The repairs on the Mansion Assisted Care facility continue, but it became apparent yesterday that it will take at least two more weeks before the resident who were evacuated can all return. The new issue is state-mandated tests to make sure that any mold arising from the water damage is gone.
The tests for that take at least a week to take and measure. They will interrupt the work needed to ready all of the rooms.
The residents wing has been sealed off – masks only – until this work is completed. There is no evidence of any serious mold levels in the building, but the tests are to make sure. The regulators just seem to want more and more.
The rest of the repair work is progressing rapidly, but this new delay – the new target date for the Mansion to get back to normal is February 1, just about 14 days away. This could have a devastating impact on the residents and the staff. It will also put great pressure on the families who are temporarily caring for their mothers and sisters and sons.
I feel this is a significant challenge for me and for the work we are doing to help the residents during this very difficult period. They are very unhappy at the different places they are staying while this work goes on.
This is an equally difficult time for the families who are suddenly having to care for them, for the Mansion staff, whose work has been disrupted, and above all, for the residents themselves, some of who are clearly depressed and disoriented.
The Danforth Adult Care Center is a perfectly good place, but it’s not the Mansion, the residents are eager to get home and struggling to keep themselves occupied. The staff is also struggling to keep their spirits up, and to keep them engaged.
The handful of residents still in residence at the Mansion are also struggling with disrupted routines, boredom and anxiety. They need attention also, the staff is stretched thin trying to care for their scattered charges. This is painful stuff for caregivers, as many of you know.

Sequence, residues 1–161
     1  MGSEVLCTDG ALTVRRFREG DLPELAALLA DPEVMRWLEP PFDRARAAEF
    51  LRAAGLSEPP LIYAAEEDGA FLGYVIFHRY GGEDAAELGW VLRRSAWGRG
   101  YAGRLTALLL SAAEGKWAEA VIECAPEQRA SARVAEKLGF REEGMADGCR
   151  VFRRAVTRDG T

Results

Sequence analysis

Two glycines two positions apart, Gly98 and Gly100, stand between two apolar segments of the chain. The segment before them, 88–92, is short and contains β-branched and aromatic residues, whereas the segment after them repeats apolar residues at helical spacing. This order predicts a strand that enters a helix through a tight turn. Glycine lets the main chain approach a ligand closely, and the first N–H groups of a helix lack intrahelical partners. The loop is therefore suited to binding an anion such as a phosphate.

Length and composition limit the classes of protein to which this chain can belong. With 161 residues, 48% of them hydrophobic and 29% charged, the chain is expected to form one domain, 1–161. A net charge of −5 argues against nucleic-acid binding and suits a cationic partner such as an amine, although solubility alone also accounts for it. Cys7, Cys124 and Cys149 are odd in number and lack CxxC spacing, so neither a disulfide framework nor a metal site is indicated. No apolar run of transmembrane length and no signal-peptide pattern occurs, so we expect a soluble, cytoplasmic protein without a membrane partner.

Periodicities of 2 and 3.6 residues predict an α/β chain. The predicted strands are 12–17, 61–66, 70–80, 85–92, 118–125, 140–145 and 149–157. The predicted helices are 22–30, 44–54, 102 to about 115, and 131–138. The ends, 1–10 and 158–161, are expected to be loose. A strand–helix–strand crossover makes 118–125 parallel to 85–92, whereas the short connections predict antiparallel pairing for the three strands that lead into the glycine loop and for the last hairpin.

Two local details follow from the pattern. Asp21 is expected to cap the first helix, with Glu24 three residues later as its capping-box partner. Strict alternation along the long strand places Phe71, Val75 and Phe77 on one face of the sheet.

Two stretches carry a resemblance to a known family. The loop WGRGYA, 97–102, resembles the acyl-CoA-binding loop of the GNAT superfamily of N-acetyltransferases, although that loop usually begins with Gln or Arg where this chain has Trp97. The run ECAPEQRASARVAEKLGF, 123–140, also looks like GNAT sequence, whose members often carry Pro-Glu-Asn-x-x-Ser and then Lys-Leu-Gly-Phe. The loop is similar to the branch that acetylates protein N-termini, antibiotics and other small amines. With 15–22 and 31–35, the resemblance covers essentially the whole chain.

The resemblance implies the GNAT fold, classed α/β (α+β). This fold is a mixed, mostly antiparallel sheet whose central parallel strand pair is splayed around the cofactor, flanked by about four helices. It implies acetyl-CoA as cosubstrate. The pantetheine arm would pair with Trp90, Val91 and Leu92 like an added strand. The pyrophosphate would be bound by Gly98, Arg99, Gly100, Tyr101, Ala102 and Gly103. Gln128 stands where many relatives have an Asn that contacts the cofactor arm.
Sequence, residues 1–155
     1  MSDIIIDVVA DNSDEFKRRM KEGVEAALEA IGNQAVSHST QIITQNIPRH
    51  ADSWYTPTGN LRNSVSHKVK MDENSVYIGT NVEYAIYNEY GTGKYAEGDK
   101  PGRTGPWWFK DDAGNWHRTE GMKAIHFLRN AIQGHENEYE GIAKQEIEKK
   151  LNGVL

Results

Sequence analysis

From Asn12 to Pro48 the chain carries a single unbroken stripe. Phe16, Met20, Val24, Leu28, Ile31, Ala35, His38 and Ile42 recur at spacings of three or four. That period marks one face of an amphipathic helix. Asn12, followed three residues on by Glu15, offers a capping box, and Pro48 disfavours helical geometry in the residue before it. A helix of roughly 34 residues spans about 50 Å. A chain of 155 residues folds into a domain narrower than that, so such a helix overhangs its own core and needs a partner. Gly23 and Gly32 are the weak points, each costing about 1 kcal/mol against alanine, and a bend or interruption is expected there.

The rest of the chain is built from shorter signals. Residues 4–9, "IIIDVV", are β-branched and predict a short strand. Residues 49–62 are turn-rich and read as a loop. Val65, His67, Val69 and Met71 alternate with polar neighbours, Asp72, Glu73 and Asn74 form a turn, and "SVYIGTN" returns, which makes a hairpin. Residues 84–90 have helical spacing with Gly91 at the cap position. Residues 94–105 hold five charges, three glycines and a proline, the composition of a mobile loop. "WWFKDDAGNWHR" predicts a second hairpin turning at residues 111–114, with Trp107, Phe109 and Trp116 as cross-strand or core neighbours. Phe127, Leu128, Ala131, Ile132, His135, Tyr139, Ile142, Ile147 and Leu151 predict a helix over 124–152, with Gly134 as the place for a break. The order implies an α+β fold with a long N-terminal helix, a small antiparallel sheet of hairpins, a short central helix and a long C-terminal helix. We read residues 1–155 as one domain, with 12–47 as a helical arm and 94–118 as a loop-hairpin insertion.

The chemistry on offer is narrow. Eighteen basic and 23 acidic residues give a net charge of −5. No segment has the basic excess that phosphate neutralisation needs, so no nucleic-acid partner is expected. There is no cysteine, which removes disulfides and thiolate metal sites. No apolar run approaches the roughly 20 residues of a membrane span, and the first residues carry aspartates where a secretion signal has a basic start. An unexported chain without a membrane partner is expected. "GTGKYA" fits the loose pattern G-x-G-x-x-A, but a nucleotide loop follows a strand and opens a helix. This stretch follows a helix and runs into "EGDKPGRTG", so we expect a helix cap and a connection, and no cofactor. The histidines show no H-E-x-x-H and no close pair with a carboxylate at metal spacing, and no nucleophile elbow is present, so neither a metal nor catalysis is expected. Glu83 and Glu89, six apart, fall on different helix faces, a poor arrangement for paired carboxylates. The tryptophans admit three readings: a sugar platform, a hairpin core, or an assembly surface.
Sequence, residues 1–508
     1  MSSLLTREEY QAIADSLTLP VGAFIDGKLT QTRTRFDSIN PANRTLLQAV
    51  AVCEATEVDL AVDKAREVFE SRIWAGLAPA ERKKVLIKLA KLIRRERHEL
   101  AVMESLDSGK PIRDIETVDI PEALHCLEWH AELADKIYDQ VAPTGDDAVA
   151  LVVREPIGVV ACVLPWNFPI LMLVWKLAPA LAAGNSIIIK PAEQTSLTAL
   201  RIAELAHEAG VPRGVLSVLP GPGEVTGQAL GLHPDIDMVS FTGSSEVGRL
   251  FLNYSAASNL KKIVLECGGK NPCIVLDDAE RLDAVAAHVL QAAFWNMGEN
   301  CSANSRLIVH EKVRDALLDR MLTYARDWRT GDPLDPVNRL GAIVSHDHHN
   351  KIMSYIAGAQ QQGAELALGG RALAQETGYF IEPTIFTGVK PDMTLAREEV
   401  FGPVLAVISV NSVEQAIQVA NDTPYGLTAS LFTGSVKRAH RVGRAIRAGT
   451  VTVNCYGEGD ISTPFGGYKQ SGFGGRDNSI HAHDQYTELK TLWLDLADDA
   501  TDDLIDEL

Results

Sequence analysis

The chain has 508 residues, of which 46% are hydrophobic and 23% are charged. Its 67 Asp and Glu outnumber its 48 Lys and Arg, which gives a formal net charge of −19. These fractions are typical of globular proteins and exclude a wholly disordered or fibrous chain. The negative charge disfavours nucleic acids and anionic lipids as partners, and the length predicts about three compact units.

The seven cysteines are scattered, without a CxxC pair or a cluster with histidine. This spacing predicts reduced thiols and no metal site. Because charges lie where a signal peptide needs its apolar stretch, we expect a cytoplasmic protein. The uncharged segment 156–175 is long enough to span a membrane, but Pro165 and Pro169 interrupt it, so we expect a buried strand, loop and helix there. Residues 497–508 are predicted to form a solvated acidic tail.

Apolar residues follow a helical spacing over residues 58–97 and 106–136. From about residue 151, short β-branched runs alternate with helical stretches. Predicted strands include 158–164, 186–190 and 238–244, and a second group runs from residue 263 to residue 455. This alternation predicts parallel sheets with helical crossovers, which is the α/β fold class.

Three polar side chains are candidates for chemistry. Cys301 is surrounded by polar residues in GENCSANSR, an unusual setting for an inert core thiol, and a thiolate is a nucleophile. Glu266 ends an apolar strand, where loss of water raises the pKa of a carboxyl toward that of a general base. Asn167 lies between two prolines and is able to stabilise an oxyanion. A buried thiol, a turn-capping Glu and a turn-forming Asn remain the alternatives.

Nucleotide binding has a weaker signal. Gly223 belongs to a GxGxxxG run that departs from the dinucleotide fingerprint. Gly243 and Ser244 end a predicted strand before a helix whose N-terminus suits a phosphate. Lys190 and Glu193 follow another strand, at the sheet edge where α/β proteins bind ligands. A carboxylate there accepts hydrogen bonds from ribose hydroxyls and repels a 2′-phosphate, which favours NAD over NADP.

We have moved aggressively to try to help the residents. Daily visits, puzzles DVD’s, flowers, dog therapy, photo books, paper crafts. They have been successful.
I think the task for me – and hopefully, with your help – is to get creative and step up this level of support. This is the critical time. The work is progressing, it will all get done, the residents will get back, but I think we have to think of some new ways to help them.
I see a lot of depression among the displaced residents, and it could deepen.
I have some ideas. One is daily readings, the residents love to be read too. Another is a version of a tea party – daily gatherings of healthy snacks and tea to break up the day, talk about their frustrations and fears, give them a chance to see Red and Bud, perhaps do some readings or puzzles together.
I think more flowers will help – they love the color the flowers bring to their rooms. We got a DVD player and are supplying movies. I think it might be useful to organize some small outings – perhaps lunches out of the building, or some rides outside of their facility.
Seeing different things other than bare walls will help.
This will cost some money, I raised more than $1,000 a couple of weeks ago, and I have about $600 left, but I think I will need more to do some of these things. I like the tea party idea and the idea to take the out on some short outings, just so they can get outside and see some of the outside world.
Flowers and some carefully chosen dolls and stuffed animals can also help, they keep the residents company and trigger their nurturing instincts.
If you can help – small amounts are as appreciated as large ones.
These next weeks are the hump we need to get over, I think. I am sure we can get to the other side, the staff is committed to helping the residents get through this. But I’d like to help the staff as well, they are drained and stressed by this turmoil and change, and by the helplessness they feel. They could use some help as well.
None of these ideas are expensive, but they will cost some money.
If you can or wish to help, it would be welcome. You can contribute via Paypal, email@example.com. You can contribute by check: Jon Katz, Mansion Fund, P.O. Box 205, Cambridge, N.Y., 12816.
Thanks, hope is my own faith, and courage for me is the ability to persevere and hope and find joy in the face of challenge. I will persevere, and the residents need help, now more than ever.
I am grateful for your support.